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Ehrlichiosis (formerly called human monocytic ehrlichiosis) is used to describe diseases caused by the bacteria Ehrlichia chaffeensis, E. ewingii, or E. muris eauclairensis in the United States. These bacteria are spread to people primarily through the bite of infected ticks including the lone star tick and the black-legged tick. In rare cases, Ehrlichia species have been spread through blood transfusion and organ transplant. People with ehrlichiosis will often have fever, chills, headache, muscle aches, and sometimes upset stomach. Treatment is available; however, if it is delayed, or there are underlying medical conditions, symptoms can become more severe. Doxycycline is the treatment of choice for adults and children of all ages. The best way to prevent Ehrlichiosis is to prevent tick bites.


Anaplasmosis typically begins within 1–2 weeks after the bite of an infected tick. Tick bites are usually painless, and many people do not remember being bitten.

Early Illness

Early signs and symptoms (days 1-5) are usually mild or moderate and may include:

  • Fever, chills
  • Severe headache
  • Muscle aches
  • Nausea, vomiting, diarrhea, loss of appetite

Late Illness

Rarely, if treatment is delayed or if there are other medical conditions present, anaplasmosis can cause severe illness. Prompt treatment can reduce your risk of developing severe illness.

Signs and symptoms of severe (late-stage) illness can include:

  • Respiratory failure
  • Bleeding problems
  • Organ failure
  • Death

Risk factors for severe illness:

  • Delayed treatment
  • Age: being older puts you at risk
  • Weakened immune system: People with weakened immune systems (such as those receiving some cancer treatments, individuals with advanced HIV infection, prior organ transplants, or people taking some medications) are at risk for severe illness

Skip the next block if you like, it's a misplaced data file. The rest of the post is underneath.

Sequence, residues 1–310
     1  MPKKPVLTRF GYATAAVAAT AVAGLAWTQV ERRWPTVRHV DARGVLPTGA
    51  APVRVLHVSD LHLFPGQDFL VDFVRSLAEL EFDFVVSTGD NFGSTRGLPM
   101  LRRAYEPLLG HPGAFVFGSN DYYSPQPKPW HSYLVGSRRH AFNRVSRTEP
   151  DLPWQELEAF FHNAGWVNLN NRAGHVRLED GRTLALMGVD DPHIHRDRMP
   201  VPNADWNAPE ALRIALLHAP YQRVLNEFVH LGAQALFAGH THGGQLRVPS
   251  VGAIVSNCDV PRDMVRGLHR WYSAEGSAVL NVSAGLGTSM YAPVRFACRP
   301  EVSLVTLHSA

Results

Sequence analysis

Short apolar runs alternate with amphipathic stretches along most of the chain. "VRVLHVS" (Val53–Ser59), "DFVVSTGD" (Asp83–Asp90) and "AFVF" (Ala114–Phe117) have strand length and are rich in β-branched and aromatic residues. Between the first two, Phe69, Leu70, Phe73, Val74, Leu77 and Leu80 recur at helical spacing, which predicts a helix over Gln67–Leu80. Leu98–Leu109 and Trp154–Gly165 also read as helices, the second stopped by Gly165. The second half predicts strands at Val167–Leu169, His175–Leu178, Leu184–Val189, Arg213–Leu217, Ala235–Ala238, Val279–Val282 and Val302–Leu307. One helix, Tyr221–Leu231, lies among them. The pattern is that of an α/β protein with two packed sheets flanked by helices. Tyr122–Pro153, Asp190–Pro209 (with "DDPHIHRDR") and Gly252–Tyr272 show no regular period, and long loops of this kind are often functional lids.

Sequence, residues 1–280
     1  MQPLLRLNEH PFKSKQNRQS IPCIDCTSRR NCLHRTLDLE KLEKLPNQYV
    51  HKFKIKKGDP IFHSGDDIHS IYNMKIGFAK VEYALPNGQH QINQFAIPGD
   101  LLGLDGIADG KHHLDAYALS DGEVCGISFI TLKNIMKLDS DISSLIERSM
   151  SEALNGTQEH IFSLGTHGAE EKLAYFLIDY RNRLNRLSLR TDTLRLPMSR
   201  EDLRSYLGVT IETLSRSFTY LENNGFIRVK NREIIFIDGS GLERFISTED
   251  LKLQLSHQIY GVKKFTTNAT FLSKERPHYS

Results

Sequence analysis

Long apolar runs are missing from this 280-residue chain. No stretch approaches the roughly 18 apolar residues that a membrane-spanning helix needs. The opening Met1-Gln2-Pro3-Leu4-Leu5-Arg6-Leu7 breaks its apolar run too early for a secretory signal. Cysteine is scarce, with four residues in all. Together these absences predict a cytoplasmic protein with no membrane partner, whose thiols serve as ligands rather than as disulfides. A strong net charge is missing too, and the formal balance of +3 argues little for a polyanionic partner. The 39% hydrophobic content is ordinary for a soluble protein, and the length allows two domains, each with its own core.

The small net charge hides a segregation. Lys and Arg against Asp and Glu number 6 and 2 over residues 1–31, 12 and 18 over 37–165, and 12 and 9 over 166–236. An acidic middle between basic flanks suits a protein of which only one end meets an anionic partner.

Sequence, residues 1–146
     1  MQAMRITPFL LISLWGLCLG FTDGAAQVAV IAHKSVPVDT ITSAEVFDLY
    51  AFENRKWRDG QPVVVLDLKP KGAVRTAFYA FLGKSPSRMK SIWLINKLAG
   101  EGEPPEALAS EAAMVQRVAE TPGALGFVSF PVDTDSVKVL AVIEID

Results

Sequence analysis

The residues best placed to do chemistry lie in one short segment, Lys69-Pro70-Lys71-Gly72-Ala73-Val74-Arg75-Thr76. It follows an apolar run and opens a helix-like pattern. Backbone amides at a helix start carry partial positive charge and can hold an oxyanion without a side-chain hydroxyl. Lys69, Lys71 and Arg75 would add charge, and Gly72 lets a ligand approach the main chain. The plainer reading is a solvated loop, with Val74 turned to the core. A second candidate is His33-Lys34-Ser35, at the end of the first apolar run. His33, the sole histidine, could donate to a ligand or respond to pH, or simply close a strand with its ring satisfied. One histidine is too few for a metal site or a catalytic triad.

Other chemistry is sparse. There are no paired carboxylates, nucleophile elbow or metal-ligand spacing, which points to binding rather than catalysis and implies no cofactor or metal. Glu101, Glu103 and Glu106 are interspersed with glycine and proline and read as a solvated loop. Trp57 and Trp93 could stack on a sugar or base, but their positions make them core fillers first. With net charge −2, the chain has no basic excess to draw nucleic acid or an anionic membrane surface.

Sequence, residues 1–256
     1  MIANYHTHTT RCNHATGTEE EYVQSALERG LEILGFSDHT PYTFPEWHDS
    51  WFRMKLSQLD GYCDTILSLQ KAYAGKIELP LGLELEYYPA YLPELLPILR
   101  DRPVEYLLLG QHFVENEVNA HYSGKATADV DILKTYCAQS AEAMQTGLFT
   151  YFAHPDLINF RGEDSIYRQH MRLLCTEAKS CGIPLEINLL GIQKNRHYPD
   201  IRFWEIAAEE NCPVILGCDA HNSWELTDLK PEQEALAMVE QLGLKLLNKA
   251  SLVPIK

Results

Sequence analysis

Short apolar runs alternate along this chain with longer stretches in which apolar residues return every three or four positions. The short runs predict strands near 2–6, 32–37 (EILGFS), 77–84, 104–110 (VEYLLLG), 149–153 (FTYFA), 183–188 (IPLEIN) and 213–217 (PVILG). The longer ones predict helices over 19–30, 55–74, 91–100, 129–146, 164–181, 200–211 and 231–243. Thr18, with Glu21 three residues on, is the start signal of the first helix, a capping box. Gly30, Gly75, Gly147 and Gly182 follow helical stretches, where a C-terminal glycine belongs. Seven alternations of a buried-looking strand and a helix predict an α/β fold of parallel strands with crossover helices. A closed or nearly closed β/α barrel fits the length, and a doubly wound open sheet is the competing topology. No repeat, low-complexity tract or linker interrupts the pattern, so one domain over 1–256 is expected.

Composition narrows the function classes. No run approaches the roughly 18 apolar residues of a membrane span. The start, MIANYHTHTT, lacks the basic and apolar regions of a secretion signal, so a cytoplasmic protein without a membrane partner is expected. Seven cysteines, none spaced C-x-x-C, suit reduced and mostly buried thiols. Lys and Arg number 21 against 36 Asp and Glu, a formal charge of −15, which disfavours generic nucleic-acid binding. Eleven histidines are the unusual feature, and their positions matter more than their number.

Early recognition and treatment of ehrlichiosis is crucial to prevent complications. If you suspect you have been exposed to ticks or are experiencing symptoms consistent with the disease, it is important to seek medical attention promptly. Early treatment with the antibiotic doxycycline can prevent death and severe illness. Doxycycline is the recommended antibiotic treatment for ehrlichiosis in adults and children of all ages.


Prevention begins with you! Limiting exposure to ticks is the most effective method of prevention of tick-transmitted diseases because there is no vaccine. In persons exposed to tick-infested habitats, prompt, careful inspection, and removal of crawling or attached ticks is an important method of preventing disease. It may take several hours of attachment before the organisms are transmitted from the tick to the host.


CDC Information on Ehrlichiosis

Page last updated: November 14, 2023